1. The Fiske Family
2. The Bennetts
3. The Dicksons
4. The Abbey
5. Landmarks and Personalities
6. The Great Road
7. The South Side
8. Merriams and Fields
9. Sold to Riley
10. Early Automobiles
11. The Dump
Previous Page
Next Page
The last page is made possible by Diana Chaplin - For Real Estate sales in Metro West Massachusetts

automobile. Up to that time rugged Amazons might crank a     heavy motor, but they were few and far between. With the self-starter however, things were different, and the woman soon be-came independent and developed a new sense of self-importance. She had at last come into her own. She voted, she smoked, she went swimming without stockings (no self-respecting female   would dream of swimming without stockings before the war)      and she used cosmetics freely without being considered a 'painted woman' — except by my mother who felt strongly that all cos-metics were indecent, immoral, unhealthy and unnecessary.      Once a townswoman came to call, and as she sat talking to my mother she opened up her compact and began powdering her  nose.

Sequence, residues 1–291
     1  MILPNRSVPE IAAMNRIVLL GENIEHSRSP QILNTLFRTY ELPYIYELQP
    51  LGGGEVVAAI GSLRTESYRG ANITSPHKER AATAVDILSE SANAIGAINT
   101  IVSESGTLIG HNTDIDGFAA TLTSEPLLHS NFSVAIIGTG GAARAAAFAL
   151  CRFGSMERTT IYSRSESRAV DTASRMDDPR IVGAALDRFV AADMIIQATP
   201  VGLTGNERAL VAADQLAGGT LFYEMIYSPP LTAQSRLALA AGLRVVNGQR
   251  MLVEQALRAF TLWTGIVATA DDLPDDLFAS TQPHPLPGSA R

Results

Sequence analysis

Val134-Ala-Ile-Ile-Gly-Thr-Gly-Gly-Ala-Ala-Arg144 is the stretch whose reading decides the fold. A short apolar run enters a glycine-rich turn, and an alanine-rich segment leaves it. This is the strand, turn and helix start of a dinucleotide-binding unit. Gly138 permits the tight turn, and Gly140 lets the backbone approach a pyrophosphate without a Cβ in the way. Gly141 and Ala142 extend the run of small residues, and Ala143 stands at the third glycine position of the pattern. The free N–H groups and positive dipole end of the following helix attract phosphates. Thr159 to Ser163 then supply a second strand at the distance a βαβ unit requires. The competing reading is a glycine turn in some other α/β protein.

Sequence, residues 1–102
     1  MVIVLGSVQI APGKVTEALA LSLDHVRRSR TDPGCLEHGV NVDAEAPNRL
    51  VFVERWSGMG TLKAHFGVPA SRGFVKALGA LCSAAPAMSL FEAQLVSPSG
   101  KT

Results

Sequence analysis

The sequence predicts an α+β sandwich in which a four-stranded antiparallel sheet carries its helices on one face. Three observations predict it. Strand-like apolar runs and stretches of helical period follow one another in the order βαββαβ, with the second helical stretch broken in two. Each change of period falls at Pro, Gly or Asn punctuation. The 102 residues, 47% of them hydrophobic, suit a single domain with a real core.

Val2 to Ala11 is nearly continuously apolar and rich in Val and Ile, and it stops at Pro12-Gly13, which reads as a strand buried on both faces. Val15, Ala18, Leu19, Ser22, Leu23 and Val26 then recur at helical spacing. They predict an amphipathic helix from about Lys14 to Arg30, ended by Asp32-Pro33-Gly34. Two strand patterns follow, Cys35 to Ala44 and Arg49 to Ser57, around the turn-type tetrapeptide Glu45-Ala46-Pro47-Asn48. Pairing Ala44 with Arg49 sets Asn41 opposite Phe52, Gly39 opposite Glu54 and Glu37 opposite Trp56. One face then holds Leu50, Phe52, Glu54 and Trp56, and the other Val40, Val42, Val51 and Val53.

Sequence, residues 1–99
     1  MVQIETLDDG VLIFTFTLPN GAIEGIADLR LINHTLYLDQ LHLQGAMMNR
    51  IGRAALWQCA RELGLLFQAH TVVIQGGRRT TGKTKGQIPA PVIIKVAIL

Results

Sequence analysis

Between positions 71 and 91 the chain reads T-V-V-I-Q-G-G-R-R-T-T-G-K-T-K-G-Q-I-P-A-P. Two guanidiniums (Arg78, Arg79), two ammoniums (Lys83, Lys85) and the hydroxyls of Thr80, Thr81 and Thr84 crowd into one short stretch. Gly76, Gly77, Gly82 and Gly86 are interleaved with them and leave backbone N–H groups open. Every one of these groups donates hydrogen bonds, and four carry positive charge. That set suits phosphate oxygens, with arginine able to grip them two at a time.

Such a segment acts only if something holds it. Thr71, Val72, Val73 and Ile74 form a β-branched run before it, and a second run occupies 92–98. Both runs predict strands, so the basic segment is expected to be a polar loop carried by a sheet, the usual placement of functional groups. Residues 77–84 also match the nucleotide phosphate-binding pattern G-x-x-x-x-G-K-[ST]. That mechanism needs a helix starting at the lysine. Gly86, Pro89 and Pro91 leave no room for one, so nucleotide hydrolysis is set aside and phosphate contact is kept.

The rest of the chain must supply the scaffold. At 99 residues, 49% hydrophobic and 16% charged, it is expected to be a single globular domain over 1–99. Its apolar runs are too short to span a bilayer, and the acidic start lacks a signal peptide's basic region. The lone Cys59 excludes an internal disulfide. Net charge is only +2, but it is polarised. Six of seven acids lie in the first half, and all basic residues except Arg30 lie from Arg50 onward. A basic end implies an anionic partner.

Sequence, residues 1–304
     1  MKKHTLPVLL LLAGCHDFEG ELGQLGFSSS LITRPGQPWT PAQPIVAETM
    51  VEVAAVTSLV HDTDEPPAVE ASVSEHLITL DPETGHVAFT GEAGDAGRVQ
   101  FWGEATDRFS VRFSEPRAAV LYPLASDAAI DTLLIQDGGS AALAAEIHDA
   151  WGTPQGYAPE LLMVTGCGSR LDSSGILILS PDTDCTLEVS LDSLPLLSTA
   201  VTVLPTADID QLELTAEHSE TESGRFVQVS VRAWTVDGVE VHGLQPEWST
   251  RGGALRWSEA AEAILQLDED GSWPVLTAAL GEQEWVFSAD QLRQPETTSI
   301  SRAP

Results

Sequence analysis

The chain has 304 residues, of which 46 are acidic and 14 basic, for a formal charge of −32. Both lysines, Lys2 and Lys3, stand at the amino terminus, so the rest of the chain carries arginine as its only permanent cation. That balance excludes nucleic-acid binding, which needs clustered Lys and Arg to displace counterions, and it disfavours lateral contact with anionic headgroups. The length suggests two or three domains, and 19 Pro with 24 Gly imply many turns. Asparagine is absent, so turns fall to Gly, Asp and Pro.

"If you do that," said my mother, "I'm going to get my   toothbrush and start brushing my teeth."
   One day Miss Millie Hallowell, a friend for whom my mother   had much respect, took her to task and said, "Well Ruth — if everyone were as beautiful as you there would be no need for cosmetics."

   Many of these things happened over sixty years ago, and most   of the people I have told about are gone. In the interim the old order has given way to the new. The individualists who lived      their own way have been superseded by a more uniform popu-  lace —caused, no doubt, by mechanization and mass production. Things tend to become more and more stereotyped — look at    the similarity in automobile design — or how one house re-  sembles every other in a large urban real estate development — all of which ought to simplify existence. But does it?